So use music without lyrics but that’s not enough. It’s important that the volume of the background music is kept much lower than the actors speaking in your video. iMovie has a cool feature that lets you automatically drop the audio levels of the background music. It’s pretty handy. Use it but also check that it’s done it right by listening carefully to your entire movie. You may find that you have to make some further adjustments.

If you’re looking for more audio ideas Vid Authority has some more in depth tips for using background music in videos.

There you have it—Story, Shot Composition, Lighting and Sound. Control each of these elements and you’ll be on your way to your first Oscar!

Digital Storytelling

Digital storytelling is a very broad topic so I’ll focus on two types–the Common Craft style and stop motion animation. Common Craft is a company that explains complex topics using a combination of stick figures and simple drawings. Libraries in the Internet Age is a good example of their work. You can head over to their website for more examples.

Another good example of this style of video is Casey Neistat’s Draw My Life.

 

Stop Motion animation is based on the idea that you string a number of still photos together in software like iMovie and then have them play back in sequence. This video from Mashable gives a quick explanation.

There are a lot more videos that explain stop motion. Here’s one that shows how to make a lego movie and another more general tutorial from Sony.

Gear

You don’t need much. Here are the basics:

  • camera: a camera phone is fine.
  • tripod or stabilisation system. Your camera needs to be rock solid. (We have various tripods/tools available in the EdTech Office if you need some help with this.)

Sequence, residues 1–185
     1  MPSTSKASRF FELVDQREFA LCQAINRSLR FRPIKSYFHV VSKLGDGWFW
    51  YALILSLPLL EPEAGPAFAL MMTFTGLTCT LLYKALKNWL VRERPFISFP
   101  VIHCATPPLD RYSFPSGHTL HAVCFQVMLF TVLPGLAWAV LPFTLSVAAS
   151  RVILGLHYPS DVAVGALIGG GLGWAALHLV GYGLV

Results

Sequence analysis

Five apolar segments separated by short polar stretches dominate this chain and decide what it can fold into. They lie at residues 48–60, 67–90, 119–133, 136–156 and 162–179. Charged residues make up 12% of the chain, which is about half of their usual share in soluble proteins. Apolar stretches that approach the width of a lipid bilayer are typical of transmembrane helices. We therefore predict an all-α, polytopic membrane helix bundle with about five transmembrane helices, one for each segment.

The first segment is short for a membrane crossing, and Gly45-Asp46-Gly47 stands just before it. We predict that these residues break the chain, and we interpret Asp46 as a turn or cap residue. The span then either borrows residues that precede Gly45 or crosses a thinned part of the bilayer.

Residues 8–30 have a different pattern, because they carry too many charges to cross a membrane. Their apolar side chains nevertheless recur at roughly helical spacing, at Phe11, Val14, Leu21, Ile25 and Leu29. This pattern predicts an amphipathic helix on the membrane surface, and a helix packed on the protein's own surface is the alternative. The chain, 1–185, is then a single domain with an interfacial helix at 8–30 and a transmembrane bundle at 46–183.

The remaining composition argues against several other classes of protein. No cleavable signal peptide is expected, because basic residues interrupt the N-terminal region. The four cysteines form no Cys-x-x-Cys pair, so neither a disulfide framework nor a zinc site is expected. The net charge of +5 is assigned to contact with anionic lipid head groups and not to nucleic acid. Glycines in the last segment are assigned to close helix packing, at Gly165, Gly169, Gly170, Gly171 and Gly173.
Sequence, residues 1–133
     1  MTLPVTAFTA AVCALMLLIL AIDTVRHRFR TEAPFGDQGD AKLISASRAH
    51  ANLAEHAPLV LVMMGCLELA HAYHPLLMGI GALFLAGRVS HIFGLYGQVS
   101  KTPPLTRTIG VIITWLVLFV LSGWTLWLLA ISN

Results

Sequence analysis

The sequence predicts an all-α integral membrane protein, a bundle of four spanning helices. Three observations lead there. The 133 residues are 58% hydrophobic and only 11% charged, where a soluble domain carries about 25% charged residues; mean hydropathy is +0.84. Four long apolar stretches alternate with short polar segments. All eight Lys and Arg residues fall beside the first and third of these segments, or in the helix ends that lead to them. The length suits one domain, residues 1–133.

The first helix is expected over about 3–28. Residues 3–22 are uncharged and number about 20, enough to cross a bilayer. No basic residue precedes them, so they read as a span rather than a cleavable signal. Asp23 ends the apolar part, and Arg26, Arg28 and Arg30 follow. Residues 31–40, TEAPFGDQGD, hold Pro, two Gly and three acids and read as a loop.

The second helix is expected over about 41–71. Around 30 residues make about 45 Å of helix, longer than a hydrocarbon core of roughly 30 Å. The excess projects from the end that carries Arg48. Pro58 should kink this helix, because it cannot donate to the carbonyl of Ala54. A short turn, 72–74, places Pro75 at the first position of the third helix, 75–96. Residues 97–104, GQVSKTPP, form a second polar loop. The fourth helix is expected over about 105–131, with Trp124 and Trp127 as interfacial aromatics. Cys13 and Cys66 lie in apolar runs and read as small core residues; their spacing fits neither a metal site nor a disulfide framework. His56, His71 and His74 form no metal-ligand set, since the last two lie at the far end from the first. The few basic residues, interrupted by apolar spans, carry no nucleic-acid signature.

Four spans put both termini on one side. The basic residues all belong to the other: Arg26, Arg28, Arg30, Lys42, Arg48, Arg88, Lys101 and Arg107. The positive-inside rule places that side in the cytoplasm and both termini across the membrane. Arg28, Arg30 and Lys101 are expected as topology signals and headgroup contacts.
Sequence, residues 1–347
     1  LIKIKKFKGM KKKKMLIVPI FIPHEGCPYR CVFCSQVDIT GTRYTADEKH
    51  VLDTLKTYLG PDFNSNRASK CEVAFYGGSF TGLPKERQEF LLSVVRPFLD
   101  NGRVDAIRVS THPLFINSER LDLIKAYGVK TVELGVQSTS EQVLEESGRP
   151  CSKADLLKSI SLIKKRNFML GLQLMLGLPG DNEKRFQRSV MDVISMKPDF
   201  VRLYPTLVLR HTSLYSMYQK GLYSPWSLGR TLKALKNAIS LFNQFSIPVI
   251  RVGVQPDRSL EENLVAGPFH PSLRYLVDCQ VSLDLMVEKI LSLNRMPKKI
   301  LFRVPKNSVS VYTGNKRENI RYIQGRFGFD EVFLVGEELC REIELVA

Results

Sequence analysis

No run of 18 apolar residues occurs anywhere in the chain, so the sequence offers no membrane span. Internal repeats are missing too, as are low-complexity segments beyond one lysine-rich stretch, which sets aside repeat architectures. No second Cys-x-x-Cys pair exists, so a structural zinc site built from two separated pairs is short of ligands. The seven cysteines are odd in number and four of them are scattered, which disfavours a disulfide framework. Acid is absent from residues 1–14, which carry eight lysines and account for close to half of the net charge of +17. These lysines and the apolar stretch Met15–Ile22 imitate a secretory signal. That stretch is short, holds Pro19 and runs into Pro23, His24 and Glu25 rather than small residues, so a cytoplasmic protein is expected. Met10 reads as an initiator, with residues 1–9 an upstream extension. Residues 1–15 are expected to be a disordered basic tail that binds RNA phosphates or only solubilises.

• editing software to put it all together i.e. iMovie
  • good light: You don’t need to get too fancy here but you do want to control your light. Work near a window. Use a desk lamp. Do what it takes to make it consistent.

iPhone or iPad Apps

There are some apps that can streamline the process. iMotion and Stop Motion are both free and can help get the job done.

Things to Remember

  • Have a script. Write down exactly what you want to say and then animate to that. It helps to mark in your script what will be happening in the animation. Pages or Word work fine for simple projects. Celtx is a good free option for scriptwriting for more complex projects. You can learn more about scriptwriting from this post I wrote earlier.
  • Storyboarding is a great way to organise your ideas. Here’s a simple template from Pens to Lens.
  • You don’t need to use a fancy camera but it needs to be held perfectly still. In other words, use a tripod.
  • When doing stop motion you need lots of photos. The more frames per second you use, the smoother your video will be.
  • You don’t need fancy editing software. iMovie will work. Some programs may make it quicker or easier to make a stop motion video but they aren’t absolutely necessary.
  • Get good audio. When recording audio work in a quiet place. Background noise is very distracting to an audience.

Scriptwriting Teachers’ Guide and Software

Clapperboard 2

We teach kids many forms of writing. Scriptwriting is a very relevant form these days. Pens to Lens is a site specifically designed to help teach this form of writing. There is a lot on the site including a useful teachers’ guide with several good resources.

I particularly like two resources. Worksheet B is a style guide which outlines the proper format for a screenplay. The Sample Script is really good as it is a short excerpt from the Toy Story script. It’s from the scene when Buzz and Woody meet the Aliens in the Crane Game. Think “the claw, the cla-a-a-a-w!” It would be good to use with kids as they’ll know the scene and then be able to see how the script is written for it.

Where Pens to Lens is full of good resources for teaching script writing, Celtx is a free online app for actually writing a script. Of course a script can be written in any word processor or text editor but Celtx helps with the drudgery of formatting a script. It helps free the writer from formatting so he/she can focus on the important part–telling his/her story.

Using Celts involves signing up for an account. The account is free. Scriptwriting is always free. There are other features in Celtx but one has to pay a subscription fee for them. For our needs, the free version should be enough.